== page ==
Awkward Recognize Awkward
Just the other day I was perusing the Twitter feed of a pretty well-known supermodel. (It was for, um, journalistic purposes.) And on her Twitter feed this woman, this impossibly beautiful woman, was talking (repeatedly, at length) about how “awkward” she was.
I’ve seen this a lot. Lots of impossibly beautiful women do this. Too many times I’ve heard beautiful girls describe themselves as “awkward.”
And why do they do this? My theory is that this sort of humanizes them. If you’re an Impossibly Beautiful Woman, you pretty much spend your entire life put up on a pedestal. By telling everyone how “awkward” you are, it allows you to try and connect with the rest of us. You aren’t that different. You’re awkward, just like us.
But here’s the thing, Impossibly Beautiful Women of the World, you are not awkward just like us. You may have a slightly off-kilter sense of humor. You may have stumbled once or twice in social situations. But laughing too loud at the joke some investment banker made in the middle of the $400 meal he’s buying you does not make you awkward. Neither does stumbling one time on stage at the fashion show people are putting on to stare at you. You are not awkward. You are impossibly beautiful.
From the cloven-hooved, buck-toothed, lazy-eyed rest of us out here in the real world, let us tell you that we know awkward. And it is no small thing. Awkward is not laughing too loud when Chet the Investment Banker makes a joke. Awkward is real, and it is dark, and it is not something we joke about. It is not something we brag about. We don’t promote our “awkwardness” as you do, Impossibly Beautiful Women, because awkwardness is something we keep locked up, deep in our psyches, with all the other warts and mental scarring and wasted chances that fill up our not-quite-so-beautiful lives.
Awkwardness is standing in the corner of a party for an hour, looking for someone, anyone you know, alone, wildly and remarkably alone, an alone that you will never know, feeling like death, cast over, forgotten. Awkwardness is telling a girl you know that her hair looks different, and later finding out she is wearing a wig due to cancer. Awkwardness is telling the boy you love that you’ve always loved him, and you’re better for him than the girl he’s with now, and he staring at you, dead-eyed, before walking away. THAT is awkwardness, Impossibly Beautiful Women. It is not something to brag about. It is not something to giggle about with your girlfriends. Awkwardness is real, and you will never know it.
Here’s a test for you, people of the world, to tell if you have known awkwardness — watch the show Louie. It’s on FX. It’s pretty genius. It’s a comedy that’s not really that funny. What it is: awkward. Real awkwardness. Not cute awkwardness. Not adorable awkwardness. Real, dark, vicious, cutting awkwardness.
If you watch the show with an impossibly beautiful woman, I imagine they won’t get it. (Though if I have to hang out and watch this show with a supermodel to prove my theory, so be it. All in the name of science, of course.) They’ll think it’s funny, and weird. But they won’t get it. They won’t feel it.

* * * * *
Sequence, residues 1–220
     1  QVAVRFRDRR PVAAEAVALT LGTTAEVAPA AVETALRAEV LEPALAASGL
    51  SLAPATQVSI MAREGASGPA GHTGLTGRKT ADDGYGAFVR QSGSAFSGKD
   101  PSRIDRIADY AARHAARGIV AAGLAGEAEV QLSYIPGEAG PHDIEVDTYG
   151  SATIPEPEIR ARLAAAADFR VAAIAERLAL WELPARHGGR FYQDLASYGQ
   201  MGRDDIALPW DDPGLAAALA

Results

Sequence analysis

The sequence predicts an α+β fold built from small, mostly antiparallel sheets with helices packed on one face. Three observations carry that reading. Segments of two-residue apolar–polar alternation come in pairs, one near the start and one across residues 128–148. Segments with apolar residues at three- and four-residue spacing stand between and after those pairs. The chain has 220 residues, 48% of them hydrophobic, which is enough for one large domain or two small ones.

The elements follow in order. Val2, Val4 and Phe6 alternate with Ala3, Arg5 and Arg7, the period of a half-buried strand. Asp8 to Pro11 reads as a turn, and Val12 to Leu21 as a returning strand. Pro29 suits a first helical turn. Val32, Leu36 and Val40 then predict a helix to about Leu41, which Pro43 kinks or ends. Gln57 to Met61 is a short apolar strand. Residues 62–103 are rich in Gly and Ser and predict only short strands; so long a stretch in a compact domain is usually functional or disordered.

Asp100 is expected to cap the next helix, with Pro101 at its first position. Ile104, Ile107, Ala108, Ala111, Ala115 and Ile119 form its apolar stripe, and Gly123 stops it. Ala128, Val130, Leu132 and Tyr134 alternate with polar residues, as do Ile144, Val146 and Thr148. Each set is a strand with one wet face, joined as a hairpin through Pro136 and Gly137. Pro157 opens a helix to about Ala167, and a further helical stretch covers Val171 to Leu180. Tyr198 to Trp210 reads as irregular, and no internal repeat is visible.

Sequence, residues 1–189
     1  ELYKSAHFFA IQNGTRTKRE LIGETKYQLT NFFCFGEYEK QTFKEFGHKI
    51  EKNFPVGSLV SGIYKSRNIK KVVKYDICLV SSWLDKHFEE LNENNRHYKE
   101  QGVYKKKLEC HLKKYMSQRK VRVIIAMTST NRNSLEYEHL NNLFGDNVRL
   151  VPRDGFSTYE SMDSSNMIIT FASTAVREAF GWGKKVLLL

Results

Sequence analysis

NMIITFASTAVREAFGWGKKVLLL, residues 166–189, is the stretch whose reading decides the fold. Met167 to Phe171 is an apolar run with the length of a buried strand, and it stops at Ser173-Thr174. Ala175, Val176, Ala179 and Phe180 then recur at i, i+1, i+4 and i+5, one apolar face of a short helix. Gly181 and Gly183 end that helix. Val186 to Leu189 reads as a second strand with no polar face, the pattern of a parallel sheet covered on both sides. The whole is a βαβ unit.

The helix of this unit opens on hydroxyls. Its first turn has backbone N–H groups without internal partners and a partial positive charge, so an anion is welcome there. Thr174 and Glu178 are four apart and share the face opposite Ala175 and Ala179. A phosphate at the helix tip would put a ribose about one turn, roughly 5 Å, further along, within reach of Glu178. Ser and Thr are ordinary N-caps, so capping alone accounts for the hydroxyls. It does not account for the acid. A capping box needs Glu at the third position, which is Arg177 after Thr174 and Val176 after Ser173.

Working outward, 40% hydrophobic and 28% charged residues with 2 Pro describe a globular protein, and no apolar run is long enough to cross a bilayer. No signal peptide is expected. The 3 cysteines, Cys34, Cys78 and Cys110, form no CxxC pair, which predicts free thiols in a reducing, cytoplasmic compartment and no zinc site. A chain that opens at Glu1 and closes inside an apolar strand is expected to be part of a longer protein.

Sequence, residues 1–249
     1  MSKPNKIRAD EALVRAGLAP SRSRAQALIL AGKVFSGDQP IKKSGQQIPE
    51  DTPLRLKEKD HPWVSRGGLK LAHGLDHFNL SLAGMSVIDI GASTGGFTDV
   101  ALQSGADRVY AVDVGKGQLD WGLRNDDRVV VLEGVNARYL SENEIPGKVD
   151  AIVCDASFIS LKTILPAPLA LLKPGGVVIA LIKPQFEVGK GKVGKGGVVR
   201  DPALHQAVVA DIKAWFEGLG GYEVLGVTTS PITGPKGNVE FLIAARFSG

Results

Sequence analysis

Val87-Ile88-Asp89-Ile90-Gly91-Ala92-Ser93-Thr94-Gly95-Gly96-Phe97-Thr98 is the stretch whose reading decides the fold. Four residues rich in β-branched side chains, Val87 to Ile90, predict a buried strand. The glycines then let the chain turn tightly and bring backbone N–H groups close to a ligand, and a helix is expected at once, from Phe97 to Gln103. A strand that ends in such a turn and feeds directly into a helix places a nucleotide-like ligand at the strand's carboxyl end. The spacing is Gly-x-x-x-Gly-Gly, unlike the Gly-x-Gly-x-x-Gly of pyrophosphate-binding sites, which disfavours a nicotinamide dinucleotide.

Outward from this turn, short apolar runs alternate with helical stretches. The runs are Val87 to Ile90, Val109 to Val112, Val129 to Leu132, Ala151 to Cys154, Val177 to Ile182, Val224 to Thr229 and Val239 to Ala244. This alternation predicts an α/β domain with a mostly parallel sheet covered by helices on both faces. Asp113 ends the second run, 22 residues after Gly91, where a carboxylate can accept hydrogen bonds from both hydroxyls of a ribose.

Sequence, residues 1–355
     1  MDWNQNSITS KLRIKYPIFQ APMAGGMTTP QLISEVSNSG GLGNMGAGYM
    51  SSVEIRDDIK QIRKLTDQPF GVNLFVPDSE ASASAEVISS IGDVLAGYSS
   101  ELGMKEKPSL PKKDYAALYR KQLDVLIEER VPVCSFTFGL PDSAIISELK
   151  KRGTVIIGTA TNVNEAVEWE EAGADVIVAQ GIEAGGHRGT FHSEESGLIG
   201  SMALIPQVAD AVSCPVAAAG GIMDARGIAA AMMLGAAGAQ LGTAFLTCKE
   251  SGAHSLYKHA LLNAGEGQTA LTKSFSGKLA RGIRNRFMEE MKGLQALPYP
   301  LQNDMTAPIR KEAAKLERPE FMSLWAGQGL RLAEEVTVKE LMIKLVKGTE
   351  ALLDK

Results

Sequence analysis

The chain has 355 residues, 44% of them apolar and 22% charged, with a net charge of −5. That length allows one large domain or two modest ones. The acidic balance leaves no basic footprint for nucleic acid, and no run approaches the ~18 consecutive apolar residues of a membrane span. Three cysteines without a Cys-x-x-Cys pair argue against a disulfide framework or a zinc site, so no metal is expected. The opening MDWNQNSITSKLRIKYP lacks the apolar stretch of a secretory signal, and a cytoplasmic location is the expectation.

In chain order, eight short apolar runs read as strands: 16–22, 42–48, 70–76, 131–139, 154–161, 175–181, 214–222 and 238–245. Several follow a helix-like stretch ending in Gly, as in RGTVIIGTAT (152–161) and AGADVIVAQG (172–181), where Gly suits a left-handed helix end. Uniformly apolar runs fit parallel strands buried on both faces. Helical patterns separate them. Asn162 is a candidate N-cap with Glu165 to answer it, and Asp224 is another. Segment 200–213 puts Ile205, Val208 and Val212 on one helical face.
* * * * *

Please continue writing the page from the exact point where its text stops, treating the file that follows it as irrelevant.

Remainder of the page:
A couple of my friends came up with a term for this feeling: the nerd chills. The nerd chills are when you’re watching something so awkward that you physically react to it. You clench up, close your eyes, scratch your temples, stare at the floor. You want to leave the room. You can experience nerd chills watching a movie (I had to leave the theater the first time I saw Meet the Parents) or watching a drunken best man give the world’s worst wedding speech. It’s visceral, this reaction.
And the thing is — you can’t have the nerd chills unless you know awkwardness first hand. Real awkwardness. It’s like the saying, “real recognize real.” Awkward recognize awkward.
I don’t know if supermodels, for how much they like to joke about their awkwardness, can ever really react like this. They might recognize something as awkward, but they won’t feel it. They won’t feel it in their stomachs.
For the not-quite-so-beautiful rest of us, however, we do feel it. In our hearts. When we see the chubby boy on stage singing off-key at the school talent show. When the guy goes on the Jumbotron to propose to his girlfriend and is rejected in front of 50,000 people. When our classmate throws up in the middle of his presentation to the lecture hall. We feel it. Deep within us. Because we’ve been there. And as the nerd chills course through us, and we stare at the floor and shake, it’s our bodies’ way of saying, “I feel your pain, friend. I know it well.” It brings us together. United in awkwardness. Together. As one.
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It started with a right swipe, a little green heart. Tinder of course.
Though I acknowledge and appreciate the differences in human experiences, and while your heartbreak is (and always will be) uniquely and completely your own, I must urge you to consider that I have been where you are.
With his hat cocked back, body tilted away from his cane, and right forefinger pointing directly at his audience, Joseph Ducreux commands the attention of those viewing his self-portrait.
I was born in 1990; he was born in 1973. I’m 23; he just turned 40.